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is it the fit or my core strength?

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is it the fit or my core strength?

Old 04-13-12, 08:15 PM
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UMassAm
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is it the fit or my core strength?

I just got a new stem, went from 105 to 90. Not bad. I still feel a little too extended, like I have too much weight on my hands.

Now, it's been a while since I've rode seriously, so my core strength is a bit low. As my form gets better, should I start to see a shift of weight from my hands? I feel like I can maintain decent form (staying back on the seat, straight hips) for a shorter time than I used to be able too- how can I stay on top of this?
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Old 04-13-12, 08:22 PM
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Fit.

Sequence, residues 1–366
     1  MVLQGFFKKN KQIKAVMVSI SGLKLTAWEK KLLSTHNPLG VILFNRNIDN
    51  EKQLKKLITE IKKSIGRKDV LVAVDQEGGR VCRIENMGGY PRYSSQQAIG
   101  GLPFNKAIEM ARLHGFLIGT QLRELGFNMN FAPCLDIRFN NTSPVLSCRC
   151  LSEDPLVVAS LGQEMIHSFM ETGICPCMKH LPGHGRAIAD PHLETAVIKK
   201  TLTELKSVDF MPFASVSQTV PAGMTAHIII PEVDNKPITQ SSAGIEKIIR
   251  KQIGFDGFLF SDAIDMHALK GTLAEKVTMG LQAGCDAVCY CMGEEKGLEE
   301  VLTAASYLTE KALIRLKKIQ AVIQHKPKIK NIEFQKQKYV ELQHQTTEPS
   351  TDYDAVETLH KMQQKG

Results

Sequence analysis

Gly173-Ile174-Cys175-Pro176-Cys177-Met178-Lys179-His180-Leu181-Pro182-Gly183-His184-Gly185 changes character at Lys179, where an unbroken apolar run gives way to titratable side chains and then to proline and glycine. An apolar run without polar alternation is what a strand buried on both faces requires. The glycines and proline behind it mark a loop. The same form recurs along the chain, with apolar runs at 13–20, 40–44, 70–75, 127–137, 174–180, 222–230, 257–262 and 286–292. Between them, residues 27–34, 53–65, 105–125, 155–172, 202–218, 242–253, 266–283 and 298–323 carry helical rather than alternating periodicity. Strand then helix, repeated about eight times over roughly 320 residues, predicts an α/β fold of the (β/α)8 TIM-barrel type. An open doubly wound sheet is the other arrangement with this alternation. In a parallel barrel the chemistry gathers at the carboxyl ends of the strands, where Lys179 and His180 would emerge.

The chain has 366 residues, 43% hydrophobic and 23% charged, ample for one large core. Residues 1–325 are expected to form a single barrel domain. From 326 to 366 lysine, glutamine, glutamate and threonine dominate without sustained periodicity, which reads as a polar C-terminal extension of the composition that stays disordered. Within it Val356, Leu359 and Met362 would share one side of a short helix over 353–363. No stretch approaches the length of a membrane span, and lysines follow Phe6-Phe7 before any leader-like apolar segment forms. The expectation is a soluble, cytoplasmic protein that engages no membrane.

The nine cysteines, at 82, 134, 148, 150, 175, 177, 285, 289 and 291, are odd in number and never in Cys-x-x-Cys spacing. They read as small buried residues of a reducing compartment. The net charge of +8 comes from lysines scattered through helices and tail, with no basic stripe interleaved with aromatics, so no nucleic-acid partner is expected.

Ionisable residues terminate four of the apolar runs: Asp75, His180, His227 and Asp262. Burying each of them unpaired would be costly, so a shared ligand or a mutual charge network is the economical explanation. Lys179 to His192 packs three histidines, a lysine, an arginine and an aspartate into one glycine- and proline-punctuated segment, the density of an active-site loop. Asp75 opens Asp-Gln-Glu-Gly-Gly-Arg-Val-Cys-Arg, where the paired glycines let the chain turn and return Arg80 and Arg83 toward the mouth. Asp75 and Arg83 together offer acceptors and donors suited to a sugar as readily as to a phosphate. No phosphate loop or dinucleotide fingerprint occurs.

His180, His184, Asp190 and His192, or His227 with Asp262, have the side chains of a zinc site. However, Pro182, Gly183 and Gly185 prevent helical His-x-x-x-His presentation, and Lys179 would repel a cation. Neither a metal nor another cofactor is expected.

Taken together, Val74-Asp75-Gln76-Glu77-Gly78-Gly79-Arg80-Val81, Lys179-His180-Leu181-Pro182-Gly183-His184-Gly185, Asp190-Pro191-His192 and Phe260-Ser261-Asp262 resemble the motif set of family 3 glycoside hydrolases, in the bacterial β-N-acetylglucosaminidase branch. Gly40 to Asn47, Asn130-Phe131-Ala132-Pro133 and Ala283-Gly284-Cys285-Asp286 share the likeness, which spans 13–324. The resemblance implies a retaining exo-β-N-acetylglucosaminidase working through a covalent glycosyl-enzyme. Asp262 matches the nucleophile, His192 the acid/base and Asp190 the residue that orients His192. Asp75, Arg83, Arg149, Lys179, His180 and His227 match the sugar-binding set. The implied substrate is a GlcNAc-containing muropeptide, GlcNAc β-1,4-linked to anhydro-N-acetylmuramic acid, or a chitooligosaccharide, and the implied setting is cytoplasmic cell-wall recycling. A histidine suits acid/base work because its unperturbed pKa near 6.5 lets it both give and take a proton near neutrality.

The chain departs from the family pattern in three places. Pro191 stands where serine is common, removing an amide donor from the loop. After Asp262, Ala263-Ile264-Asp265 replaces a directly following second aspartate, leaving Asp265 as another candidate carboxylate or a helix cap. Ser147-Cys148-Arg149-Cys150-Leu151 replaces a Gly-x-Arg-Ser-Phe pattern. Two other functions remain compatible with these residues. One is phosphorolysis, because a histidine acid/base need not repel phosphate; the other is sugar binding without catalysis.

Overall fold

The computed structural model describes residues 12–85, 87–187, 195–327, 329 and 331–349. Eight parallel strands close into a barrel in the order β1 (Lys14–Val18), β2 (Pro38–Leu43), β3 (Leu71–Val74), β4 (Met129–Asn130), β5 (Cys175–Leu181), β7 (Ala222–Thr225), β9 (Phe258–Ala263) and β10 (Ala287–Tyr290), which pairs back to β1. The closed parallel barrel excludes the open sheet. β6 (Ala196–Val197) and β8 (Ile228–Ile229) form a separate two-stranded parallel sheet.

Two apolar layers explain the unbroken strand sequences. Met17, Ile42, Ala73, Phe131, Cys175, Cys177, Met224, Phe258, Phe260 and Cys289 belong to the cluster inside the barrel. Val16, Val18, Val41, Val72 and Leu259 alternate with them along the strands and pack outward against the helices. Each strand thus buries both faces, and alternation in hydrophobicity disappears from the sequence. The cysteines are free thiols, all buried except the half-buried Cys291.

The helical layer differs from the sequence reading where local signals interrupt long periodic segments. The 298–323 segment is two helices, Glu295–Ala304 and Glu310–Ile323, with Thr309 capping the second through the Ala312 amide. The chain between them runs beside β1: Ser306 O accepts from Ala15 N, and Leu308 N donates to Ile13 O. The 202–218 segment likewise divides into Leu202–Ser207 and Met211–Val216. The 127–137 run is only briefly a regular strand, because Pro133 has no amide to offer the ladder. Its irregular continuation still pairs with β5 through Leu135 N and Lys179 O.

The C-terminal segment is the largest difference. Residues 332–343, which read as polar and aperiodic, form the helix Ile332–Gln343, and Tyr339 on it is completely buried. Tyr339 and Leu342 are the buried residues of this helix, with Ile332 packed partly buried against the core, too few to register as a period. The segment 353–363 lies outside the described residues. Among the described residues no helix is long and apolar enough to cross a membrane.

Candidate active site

Core strength = useless for cycling.
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Old 04-13-12, 08:23 PM
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Originally Posted by hhnngg1 View Post
Fit.
Core strength = useless for cycling.
Really? Tell me more...
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Old 04-13-12, 08:32 PM
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Originally Posted by hhnngg1 View Post
Fit.
Core strength = useless for cycling.
What spectacularly bad advice this is. I'm impressed.
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Old 04-13-12, 08:33 PM
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That's exactly right. All you need to do is ride, do some hills, and stand some when climbing and sprinting. You get balance that way.
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Old 04-13-12, 08:40 PM
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If you feel you have to much weight on your hand, you should put back the longer stem or move your seat backward. The less distance there is between your saddle and your handlebar, the most weight there is on your hands. (I may be wrong, but think am ok)